Chronic Myeloid Leukemia
CML has three phases: chronic, accelerated, and blastic. Your symptoms depend on which phase you are in.
Chronic phase. This is the earliest phase and the easiest to treat. You might not even have symptoms.
Accelerated phase. In this phase, the number of blood cells that don’t work right increases. You're more likely to notice some of these symptoms:
- Being very tired
- Night sweats
- Shortness of breath
- Surprising weight loss
- Appetite loss
- Swelling or pain on your left side (which could be a sign of an enlarged spleen)
- Bone pain
Other symptoms may include stroke, visual changes, ringing in the ears, feeling like you’re in a daze, and prolonged erections.
Blastic phase. This is the most serious CML phase. The leukemia cells grow and crowd out healthy blood cells and platelets.
In this phase, you'll have more severe symptoms, including:
- Skin changes including bumps, tumors
- Swollen glands
- Bone pain
Getting a Diagnosis
If you do have symptoms your doctor will want to know:
- What problems have you been having?
- How long have you been noticing these symptoms?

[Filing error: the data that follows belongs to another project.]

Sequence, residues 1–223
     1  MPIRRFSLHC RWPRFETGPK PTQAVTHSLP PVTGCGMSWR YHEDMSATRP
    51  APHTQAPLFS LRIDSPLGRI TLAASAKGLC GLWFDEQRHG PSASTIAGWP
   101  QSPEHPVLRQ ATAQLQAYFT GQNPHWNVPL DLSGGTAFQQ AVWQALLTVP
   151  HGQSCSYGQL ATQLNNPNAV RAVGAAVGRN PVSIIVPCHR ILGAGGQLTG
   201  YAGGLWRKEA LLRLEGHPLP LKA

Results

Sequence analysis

- Do your symptoms come and go or are they constant?
- What makes you feel better or worse?
- Are you taking any medication?
Your doctor may do more tests to confirm the diagnosis:
- A complete blood count to see how many white blood cells, red blood cells, and platelets you have
- Bone marrow tests to check how advanced the cancer is. Doctors use a needle to take a sample, usually from your hip bone.
- A very detailed lab test of your genes, called fluorescence in situ hybridization (FISH), to measure the number of cells containing the Philadelphia chromosome
- Ultrasound or CT scan to check the size of your spleen. Ultrasounds use sound waves to make images that doctors and other medical professionals can read. A CT, or computed tomography, scan is an X-ray that takes a series of pictures inside your body. These are processed in a computer to create a layered image with lots of detail.
- Another specific lab test called polymerase chain reaction, to look for the BCR-ABL gene. This gene is involved in the process that tells your body to make too many of the wrong kind of white blood cells.